What jumped out at me as I read this article from Contemporary Psychoanalysis was how many versions of non-apology I would get in one interaction with either my sister or my mother. In the process of one "apology" they would use every one of the iterations of non-apology defined in this article. I had to get into my forties before I could start to recognize that these women had never apologized to me for anything in all my life. I went through this recently with my sister. She had pulled one of her stunts and I called her on it in no uncertain terms. She waited for a couple of weeks and then sent me an email with her "apology". Oh, it was a grand attempt. What she didn't anticipate was how transparent her explaining, blame-shifting, appeals to her perfect intentions, etc. were to me. I nailed her between the eyes with my rejection of her "apology" and told her we have no relationship as far as I'm concerned. I'm sure she choked real good on that one.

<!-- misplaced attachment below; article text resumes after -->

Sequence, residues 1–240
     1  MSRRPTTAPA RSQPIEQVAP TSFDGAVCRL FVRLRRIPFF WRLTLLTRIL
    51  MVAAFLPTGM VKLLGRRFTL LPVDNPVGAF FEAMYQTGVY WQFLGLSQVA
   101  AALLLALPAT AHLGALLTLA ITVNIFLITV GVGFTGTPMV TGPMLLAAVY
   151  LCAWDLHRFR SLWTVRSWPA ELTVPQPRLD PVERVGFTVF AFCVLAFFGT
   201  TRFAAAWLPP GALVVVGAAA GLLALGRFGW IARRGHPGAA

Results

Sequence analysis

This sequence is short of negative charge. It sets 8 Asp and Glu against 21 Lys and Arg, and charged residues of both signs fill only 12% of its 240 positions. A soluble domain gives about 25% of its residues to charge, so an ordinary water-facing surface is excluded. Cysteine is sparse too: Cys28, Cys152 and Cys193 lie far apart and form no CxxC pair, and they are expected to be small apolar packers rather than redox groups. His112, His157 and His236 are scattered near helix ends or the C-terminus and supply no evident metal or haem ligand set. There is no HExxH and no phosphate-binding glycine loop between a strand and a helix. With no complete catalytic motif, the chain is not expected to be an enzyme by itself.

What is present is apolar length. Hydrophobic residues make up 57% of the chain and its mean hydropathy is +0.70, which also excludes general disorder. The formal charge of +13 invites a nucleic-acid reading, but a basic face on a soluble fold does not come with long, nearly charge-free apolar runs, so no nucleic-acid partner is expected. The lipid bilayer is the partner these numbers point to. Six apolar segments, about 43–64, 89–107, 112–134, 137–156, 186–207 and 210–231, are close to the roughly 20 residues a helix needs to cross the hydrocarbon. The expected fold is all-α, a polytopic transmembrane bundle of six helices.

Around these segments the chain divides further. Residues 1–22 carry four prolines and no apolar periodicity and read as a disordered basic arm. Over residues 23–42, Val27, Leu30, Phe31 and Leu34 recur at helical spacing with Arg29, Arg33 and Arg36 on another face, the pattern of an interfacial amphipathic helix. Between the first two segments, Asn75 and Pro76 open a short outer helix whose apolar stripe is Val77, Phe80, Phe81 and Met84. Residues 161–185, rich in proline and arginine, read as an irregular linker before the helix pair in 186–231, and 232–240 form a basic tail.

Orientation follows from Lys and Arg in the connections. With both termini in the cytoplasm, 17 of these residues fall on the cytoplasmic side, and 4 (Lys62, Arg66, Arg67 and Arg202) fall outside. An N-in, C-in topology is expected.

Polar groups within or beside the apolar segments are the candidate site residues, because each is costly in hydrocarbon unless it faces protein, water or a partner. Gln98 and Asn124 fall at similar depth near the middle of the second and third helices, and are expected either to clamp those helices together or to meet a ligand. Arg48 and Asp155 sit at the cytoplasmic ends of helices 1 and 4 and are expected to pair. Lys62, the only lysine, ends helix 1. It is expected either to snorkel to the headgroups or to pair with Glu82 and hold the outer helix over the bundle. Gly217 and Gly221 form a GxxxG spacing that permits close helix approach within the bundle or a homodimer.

I suspect that you've experienced this version of a non-apology from the narcissist in your life, too. The next vile incarnation of a non-apology is "Explaining". I now quote:
A related substitute for apologizing is the practice of explaining. Unless the listener is particularly sensitive, an explanation can sound remarkably like an apology.The lesson of the day is: Don't confuse an explanation for an apology. Even if the person started with what sounds like contrition, if they follow it up with an explanation which lessens their culpability in some way it is the same as putting a "but" between two sentences. The "but" negates everything that preceded it. Every single time.